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Is the assumption in the title true?

What is preventing the use of ffmpeg when producing a movie or broadcast quality material?

Are there any prominent or well known users of ffmpeg?

What is used instead of ffmpeg? Quicktime pro? Final Cut Pro/Adobe Premiere/Avid media composer?

Edit:

One interesting indication of ffmpeg usage could be job offer listings from major media firms where they are looking for ffmpeg skills.

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If you say "ffmpeg skills" do you mean "I am able to read documentation and use (standard) tools" or do you mean "I know the sourcecode and can add any feature you want". The former is nothing special, the later is highly sought. –  Andreas Jan 3 at 13:25
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3 Answers

FFmpeg is probably being used more than you believe. I think the BBC uses it for some workflows, there is evidence that Laika and Weta may use it, and there is a fork called FFmbc which is targeted for professional broadcast usage.

YouTube probably uses FFmpeg to decode as shown by some unique decoding issues (but this was several years ago that I read about this and I'm not sure of the current status).

Also see the FFmpeg Projects page for a small list of who uses FFmpeg in their projects.

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Could you please add some reference link about the usage of ffmpeg at BBC or Laika, or somewhere else? –  dontomaso Dec 4 '13 at 14:35
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@dontomaso No, unfortunately. These are just inferences from observing who is asking questions in the ffmpeg-user mailing list and some discussions in various IRC channels. Perhaps you can ask on ffmpeg-user who is actually using ffmpeg and get answers straight from the source. –  LordNeckbeard Dec 4 '13 at 18:02
    
Some of the FFmbc development was funded by the BBC. They are credited inside the source code. –  UmNyobe Mar 14 at 15:31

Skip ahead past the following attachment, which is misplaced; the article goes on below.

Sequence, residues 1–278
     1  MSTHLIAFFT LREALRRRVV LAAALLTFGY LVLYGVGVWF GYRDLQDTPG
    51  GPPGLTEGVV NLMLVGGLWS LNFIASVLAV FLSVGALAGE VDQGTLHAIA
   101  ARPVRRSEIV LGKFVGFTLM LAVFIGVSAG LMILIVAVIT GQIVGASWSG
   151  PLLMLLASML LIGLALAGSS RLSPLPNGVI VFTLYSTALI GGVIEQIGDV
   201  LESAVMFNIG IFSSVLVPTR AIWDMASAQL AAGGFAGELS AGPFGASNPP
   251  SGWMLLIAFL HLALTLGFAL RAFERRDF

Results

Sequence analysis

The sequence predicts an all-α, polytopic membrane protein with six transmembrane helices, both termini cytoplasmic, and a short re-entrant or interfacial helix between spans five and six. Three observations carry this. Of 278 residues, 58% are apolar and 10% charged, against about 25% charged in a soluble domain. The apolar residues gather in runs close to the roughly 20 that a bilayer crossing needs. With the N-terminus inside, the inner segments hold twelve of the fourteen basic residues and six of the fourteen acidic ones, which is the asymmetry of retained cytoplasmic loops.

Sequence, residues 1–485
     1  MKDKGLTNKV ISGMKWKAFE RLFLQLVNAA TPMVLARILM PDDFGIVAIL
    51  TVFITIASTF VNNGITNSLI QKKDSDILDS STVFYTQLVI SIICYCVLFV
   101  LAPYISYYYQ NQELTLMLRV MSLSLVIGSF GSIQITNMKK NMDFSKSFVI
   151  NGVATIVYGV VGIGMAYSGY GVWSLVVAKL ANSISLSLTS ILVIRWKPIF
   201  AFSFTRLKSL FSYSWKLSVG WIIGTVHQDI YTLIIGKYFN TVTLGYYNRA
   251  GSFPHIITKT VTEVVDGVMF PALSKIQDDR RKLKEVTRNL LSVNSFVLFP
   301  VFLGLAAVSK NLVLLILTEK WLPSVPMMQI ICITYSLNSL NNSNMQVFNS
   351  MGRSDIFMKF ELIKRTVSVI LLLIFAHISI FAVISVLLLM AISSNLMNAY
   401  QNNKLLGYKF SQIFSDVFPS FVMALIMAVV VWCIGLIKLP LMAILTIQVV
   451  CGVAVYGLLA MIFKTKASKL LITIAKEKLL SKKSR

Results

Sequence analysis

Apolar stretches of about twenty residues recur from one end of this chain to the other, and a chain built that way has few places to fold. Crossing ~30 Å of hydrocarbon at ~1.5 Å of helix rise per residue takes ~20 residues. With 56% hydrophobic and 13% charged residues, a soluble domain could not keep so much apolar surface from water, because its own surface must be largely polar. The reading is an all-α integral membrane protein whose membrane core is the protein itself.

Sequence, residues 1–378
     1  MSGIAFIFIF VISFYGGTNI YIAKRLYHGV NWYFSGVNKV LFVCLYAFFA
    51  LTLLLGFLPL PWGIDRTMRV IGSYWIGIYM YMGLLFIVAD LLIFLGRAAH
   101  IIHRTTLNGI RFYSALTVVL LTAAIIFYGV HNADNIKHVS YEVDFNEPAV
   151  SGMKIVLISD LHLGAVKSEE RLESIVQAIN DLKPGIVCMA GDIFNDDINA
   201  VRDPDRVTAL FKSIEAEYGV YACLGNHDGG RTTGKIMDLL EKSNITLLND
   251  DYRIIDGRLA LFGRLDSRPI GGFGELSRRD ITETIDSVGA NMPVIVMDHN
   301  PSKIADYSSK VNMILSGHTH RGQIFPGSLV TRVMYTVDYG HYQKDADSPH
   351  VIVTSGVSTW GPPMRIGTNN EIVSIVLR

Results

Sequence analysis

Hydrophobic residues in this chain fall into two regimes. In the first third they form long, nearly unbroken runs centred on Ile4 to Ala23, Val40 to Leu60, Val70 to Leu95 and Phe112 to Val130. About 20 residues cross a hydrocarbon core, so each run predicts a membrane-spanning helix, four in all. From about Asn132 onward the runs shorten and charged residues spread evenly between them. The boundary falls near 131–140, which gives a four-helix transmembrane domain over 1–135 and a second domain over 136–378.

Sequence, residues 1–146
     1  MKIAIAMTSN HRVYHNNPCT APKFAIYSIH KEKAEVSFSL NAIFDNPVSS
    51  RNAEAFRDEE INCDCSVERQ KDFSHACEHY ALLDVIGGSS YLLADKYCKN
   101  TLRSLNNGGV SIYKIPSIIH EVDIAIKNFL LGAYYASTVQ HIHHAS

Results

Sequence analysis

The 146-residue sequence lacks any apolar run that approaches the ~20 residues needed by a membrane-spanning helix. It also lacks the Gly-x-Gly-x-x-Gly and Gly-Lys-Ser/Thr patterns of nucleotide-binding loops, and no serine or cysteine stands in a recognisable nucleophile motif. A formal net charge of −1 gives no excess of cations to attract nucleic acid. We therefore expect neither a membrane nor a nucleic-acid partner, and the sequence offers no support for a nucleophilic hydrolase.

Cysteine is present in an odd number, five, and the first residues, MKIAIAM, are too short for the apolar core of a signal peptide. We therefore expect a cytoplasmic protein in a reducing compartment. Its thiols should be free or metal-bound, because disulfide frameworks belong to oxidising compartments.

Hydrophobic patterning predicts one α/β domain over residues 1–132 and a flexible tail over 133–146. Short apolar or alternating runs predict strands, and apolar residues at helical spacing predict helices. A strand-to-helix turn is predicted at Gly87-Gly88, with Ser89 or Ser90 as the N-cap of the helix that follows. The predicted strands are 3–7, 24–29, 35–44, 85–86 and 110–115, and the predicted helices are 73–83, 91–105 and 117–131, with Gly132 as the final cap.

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The main reason is support, usability and control. First, lets clarify that FFMPEG is an encoder, QuickTime Pro is a video utility that happens to include multiple encoders and Final Cut Pro is a non-linear editor and has nothing to do with encoders other than the fact it can output to an encoder (generally QuickTime I believe).

For big budget commercial projects, the emphasis is going to be on having the highest possible quality encoding which often will involve manual review of the content and tweaking the way things are encoded to minimize artifacts and maximize the quality. Commercial encoders or even proprietary ones used internally by encoding houses have far more control, support and development than ffmpeg. It's great for a free tool, but it isn't a high end commercial product.

For smaller commercial projects, you may find some users, but most often people use the encoders that come with their NLEs at that level (such as QuickTime Pro or Adobe Media Encoder). The main reason at that level is convenience since they are tied directly in to the NLEs and are easy to configure and behave well with good quality results.

I can't guarantee that there aren't any production chains that use FFMPEG or a modified form of it, but in general, it is worth simply pointing out that not all encoders are created equally and while ffmpeg does very, very well for being free, it isn't the best option in all cases all the time, even if for business reasons rather than technical ones.